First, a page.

Demystifying the difference between recruiting and hiring

Michael Dehoyos

30

October

2020

|

4

min read

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When it comes to jobs, there are two things that determine whether or not someone has a job with a company: recruiting and hiring. Regardless if a company is recruiting or hiring, there’s still a need for employees. Therefore, it’s imperative that both processes are done right to ensure that an open position is replenished after a staff member leaves.

Though, it’s easy to place both processes in the same boat without knowing what they truly entail, when it comes to replenishing positions. So, to ensure that you and your company pick the right candidates for every open position, you must first understand the difference between recruiting and hiring.

Recruiting

“Recruitment involves continuous research in order to find the best employees for your company,” says Mathew Swenson, a business writer at  1 Day 2 Write and  Write My X. “As such, it must be done on a regular basis, not just whenever a new position opens up and need to fill it up. When recruiting, you’re building awareness of your company among talented professionals, and convincing them that you’re the right fit for their goals and skill set.”

Here are some great ways that you can use recruitment to your advantage:

  • Networking
  • Social media
  • Referrals (from current employees, friends, colleagues, etc.)

Remember: as you recruit people, make sure that you reach out to interested job seekers, and talk to them about the following:

  • Your company
  • The workplace culture
  • What they'd be up to in the role

“In hindsight, recruiting lets you build a list of people who are already familiar with your brand, and are interested in working for you,” adds Swenson.

Hiring

“Hiring happens when you not only work to fill a role, but you’re also considering candidates for employment,” says Isabel Bibi, a project manager at  HYPERLINK Britstudent and PhDKingdom. “Hiring someone involves soliciting and reviewing applications for an open position, which comes after all candidates are interviewed. In other words, now is when you seek and evaluate candidates based on specific criteria and how they had fared during their interviews.”

It’s especially important to note that specific criteria can be named when posting about the job opening online (or anywhere else), so that job seekers can know ahead of time whether they’re qualified to apply or not.

In Other Words… Promoting V. Transparency

Recruiting is all about promoting the job opening to job seekers. When you involve your team and promote your workplace culture to job seekers, you’re enticing them to make a choice on whether to apply for a job at your company or not. In other words, you’re tempting prospects with the “goods” – benefits packages, a fun and exciting work environment, on-the-job training, etc. Your ultimate goal in recruiting is to make prospective employees feel like they’ll serve a purpose, and will fit with the rest of the company.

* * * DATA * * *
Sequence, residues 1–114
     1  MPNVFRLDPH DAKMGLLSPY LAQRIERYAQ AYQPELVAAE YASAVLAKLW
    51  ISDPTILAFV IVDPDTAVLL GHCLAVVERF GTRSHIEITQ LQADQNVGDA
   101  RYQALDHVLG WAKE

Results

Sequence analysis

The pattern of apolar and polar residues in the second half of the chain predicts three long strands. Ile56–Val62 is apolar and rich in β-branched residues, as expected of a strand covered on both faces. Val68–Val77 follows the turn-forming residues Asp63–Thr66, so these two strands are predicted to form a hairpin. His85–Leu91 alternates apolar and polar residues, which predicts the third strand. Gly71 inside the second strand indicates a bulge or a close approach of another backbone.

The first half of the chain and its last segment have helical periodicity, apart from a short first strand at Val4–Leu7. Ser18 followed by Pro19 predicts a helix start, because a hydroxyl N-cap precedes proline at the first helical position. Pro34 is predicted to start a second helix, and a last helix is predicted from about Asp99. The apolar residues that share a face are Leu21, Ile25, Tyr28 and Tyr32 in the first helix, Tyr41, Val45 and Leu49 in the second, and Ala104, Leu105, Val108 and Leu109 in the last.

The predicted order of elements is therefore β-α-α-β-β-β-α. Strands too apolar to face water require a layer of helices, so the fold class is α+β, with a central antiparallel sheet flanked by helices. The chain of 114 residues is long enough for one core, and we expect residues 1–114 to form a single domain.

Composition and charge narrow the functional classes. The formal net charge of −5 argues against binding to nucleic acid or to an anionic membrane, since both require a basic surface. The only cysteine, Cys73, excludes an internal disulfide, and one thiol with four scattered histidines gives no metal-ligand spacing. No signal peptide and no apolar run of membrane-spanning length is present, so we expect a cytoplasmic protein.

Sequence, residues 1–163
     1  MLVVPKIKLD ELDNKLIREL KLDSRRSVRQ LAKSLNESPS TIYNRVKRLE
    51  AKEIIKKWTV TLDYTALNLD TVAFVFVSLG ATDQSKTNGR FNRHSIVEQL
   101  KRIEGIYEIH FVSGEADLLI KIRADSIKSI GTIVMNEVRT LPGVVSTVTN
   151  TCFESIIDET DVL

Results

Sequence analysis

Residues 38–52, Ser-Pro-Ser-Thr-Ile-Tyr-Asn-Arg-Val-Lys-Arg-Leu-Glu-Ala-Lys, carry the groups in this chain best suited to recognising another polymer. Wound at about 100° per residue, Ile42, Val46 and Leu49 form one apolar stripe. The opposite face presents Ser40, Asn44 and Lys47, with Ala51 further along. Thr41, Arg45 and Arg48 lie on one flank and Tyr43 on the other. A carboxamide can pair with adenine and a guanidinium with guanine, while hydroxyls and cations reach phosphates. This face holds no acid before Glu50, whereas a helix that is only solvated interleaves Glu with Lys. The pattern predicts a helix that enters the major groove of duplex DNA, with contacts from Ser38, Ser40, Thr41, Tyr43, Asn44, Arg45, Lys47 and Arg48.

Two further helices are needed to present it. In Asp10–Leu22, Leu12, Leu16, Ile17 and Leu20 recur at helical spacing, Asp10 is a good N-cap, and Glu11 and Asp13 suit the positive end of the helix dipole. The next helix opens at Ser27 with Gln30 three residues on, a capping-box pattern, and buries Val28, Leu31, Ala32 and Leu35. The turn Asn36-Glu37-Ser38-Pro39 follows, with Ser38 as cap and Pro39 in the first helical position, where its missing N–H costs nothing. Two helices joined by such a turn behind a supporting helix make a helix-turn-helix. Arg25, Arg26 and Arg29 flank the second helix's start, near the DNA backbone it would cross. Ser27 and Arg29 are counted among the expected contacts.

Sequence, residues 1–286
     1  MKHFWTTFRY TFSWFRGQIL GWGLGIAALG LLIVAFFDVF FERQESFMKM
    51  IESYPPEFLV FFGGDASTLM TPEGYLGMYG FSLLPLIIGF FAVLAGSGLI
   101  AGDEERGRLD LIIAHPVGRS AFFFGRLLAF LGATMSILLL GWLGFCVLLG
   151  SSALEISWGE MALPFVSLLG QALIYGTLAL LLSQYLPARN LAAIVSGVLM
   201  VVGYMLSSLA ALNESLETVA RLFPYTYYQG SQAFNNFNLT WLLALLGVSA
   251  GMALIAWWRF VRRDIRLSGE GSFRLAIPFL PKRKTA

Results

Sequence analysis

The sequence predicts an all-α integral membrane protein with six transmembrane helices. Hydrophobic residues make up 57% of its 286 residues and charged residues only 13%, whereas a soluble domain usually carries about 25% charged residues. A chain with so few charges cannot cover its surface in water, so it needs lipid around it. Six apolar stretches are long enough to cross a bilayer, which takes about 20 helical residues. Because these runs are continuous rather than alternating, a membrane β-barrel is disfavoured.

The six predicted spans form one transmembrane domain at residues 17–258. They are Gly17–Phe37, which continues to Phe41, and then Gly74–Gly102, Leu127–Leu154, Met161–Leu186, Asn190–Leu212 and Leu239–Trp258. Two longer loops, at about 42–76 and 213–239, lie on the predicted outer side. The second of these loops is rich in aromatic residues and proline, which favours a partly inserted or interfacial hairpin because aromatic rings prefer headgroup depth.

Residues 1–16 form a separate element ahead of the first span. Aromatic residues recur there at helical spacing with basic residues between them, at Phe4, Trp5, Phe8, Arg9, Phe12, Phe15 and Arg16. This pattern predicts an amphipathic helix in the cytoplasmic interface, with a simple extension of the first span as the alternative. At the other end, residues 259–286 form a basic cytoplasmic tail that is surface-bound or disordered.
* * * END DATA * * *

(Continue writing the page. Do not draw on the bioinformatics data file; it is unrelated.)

Hiring is about being more open – transparent – about the job to whoever you choose for further consideration. After evaluating each candidate and making your selection(s), show how the company will compensate them for their work, should they choose to accept the job offer. Normally, most employers will be up front about salary, which is one thing that applicant will want to learn more about to help influence their decision. Plus, applicants are more likely to look for online reviews from previous employees. Therefore, be honest about pay, and focus on your business’s reputation (since a great reputation is how you’ll attract a qualified pool of candidates). And, be sure to address any questions and concerns that chosen candidates might have.

So, as you can see, while promoting how great working at your company can help you attract more eyeballs, transparency (in the form of hiring) is the ultimate determinant of whether or not you can actually fill a position. Suppose a candidate decides to drop out of the running, due to a lack of interest in the offered benefits and the insufficient pay. If that happens, make sure that you have another candidate in line, so that you can offer the job to them instead.


Conclusion

Overall, recruiting and hiring are essential when finding the right talent for your company. By knowing the difference between the two processes, you can rest assured that you’ll find the right person for the job!

Michael Dehoyos writes at Do My Coursework and Essay Writing Services. He is also a contributing writer for numerous sites and publications, such as Origin Writings. As a marketer, he helps companies improve their marketing strategies and concepts.